Current Law: At present, business income from a Schedule C, LLC, Partnership and S-Corporation is passed through to the owner of the business and included on his or her 1040 individual return and taxed at rates ranging rom 10% to 39.6%.
Proposed Changes: As mentioned previously, the proposed changes would reduce the current seven tax rates to three. For pass-through businesses, the proposed changes limit the tax on pass-through small business income to 25%, the middle rate of the three new proposed rates. Unfortunately, the term “small business” is not defined in the proposal. This proposed change would favor successful businesses that would otherwise be subject to the highest proposed tax rates.
Expensing Business Purchases
Current Law: Generally, capital purchases by a business, such as machinery, vehicles, or computer systems, must be depreciated (written off) over their useful lives—usually 3, 5 or 7 years for most purchases by small businesses. A special allowance, usually referred to as bonus depreciation, is available in the first year for certain types of property. There is also a provision that allows expensing up to $510,000 worth of purchases in lieu of depreciating the cost of the property.
Proposed Changes: The reform would allow 100% first-year expensing of capital purchases (other than structures) after September 27, 2017. The full expensing provision would not be permanent, but would be in the tax code for a minimum of five years. A future Congress could decide to extend the provision or make it permanent.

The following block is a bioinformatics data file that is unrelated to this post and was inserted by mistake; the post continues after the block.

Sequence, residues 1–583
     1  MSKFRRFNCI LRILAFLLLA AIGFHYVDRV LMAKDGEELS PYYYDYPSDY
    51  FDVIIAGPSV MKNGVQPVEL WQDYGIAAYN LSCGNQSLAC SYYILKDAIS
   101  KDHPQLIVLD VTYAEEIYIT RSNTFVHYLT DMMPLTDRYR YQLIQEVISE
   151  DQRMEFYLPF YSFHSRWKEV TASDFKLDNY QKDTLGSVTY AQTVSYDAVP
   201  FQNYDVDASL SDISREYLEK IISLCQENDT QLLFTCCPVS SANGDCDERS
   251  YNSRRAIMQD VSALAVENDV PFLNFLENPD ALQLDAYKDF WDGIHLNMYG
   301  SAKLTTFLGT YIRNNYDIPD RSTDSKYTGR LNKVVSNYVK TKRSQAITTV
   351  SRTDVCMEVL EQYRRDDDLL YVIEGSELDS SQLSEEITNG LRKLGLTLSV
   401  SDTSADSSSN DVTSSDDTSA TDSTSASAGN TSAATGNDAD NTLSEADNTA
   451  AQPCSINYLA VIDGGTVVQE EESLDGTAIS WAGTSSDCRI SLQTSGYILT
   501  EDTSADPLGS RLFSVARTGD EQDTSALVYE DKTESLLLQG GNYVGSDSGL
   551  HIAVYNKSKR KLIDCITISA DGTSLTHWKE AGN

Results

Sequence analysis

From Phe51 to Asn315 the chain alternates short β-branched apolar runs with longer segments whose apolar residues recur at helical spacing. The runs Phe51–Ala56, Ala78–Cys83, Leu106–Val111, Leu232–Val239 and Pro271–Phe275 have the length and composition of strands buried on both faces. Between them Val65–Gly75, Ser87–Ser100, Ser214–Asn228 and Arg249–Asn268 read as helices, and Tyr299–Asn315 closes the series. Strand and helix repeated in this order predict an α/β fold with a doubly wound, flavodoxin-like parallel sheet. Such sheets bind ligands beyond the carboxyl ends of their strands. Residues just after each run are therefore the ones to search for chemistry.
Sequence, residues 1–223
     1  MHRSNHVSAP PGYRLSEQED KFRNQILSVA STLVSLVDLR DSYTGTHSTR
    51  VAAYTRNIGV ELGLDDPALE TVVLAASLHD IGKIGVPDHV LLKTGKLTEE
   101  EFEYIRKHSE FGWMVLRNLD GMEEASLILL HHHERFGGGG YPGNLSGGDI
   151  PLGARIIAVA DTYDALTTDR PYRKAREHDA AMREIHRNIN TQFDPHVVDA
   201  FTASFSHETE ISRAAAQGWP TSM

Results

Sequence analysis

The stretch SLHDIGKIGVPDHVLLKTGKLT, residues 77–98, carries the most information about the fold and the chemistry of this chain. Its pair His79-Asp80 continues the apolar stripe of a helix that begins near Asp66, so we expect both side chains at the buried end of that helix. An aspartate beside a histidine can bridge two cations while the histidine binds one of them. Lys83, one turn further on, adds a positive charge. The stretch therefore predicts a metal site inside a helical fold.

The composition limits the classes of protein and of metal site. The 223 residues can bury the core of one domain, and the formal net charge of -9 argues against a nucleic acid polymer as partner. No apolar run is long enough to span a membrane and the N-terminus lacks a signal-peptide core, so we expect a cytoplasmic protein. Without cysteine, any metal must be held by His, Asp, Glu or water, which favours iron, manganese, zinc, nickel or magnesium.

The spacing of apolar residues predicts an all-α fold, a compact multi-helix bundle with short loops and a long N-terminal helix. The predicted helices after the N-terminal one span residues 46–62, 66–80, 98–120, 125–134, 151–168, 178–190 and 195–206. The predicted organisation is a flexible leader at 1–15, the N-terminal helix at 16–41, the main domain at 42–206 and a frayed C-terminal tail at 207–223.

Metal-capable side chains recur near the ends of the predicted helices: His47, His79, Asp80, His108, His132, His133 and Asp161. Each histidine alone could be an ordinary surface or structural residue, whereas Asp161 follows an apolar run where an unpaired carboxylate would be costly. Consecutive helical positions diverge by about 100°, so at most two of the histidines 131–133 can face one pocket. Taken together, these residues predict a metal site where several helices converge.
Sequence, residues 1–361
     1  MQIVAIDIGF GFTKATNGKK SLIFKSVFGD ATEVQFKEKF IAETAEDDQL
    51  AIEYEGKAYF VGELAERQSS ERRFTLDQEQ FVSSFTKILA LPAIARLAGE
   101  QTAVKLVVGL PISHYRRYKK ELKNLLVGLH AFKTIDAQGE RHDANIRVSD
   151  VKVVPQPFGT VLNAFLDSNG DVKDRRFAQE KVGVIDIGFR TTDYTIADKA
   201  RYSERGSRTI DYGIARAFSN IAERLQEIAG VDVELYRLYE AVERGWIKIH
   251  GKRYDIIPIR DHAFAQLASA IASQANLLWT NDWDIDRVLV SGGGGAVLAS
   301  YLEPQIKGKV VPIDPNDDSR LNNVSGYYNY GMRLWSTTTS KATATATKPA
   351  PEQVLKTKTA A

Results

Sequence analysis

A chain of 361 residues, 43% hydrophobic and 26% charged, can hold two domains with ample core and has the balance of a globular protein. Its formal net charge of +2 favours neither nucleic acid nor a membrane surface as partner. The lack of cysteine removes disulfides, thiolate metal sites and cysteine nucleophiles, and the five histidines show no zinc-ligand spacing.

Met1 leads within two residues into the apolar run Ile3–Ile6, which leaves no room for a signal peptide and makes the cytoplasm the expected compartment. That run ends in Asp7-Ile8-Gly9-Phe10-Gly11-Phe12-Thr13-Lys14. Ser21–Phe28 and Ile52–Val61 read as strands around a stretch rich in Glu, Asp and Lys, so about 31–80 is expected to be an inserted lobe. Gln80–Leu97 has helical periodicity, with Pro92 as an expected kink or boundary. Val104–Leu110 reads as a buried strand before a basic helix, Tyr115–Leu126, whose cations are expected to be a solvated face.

Other issues: Other issues generally not impacting small businesses or individuals include reducing the corporate tax rate to 20% – which is below the 22.5% average of the industrialized world – with the intent to make U.S. businesses more competitive with their foreign rivals. The corporate alternative minimum tax would also be eliminated. The proposed changes would also repeal the domestic production activities deduction and most business tax credits, except the low-income housing and the research and development credits.
The current consensus is that the changes, other than the business expenses, would not be effective until 2018. We hope this provides you with insight into the GOP’s proposed tax reform. But keep in mind that these proposals could, and probably will, change as the proposal works its way through Congress.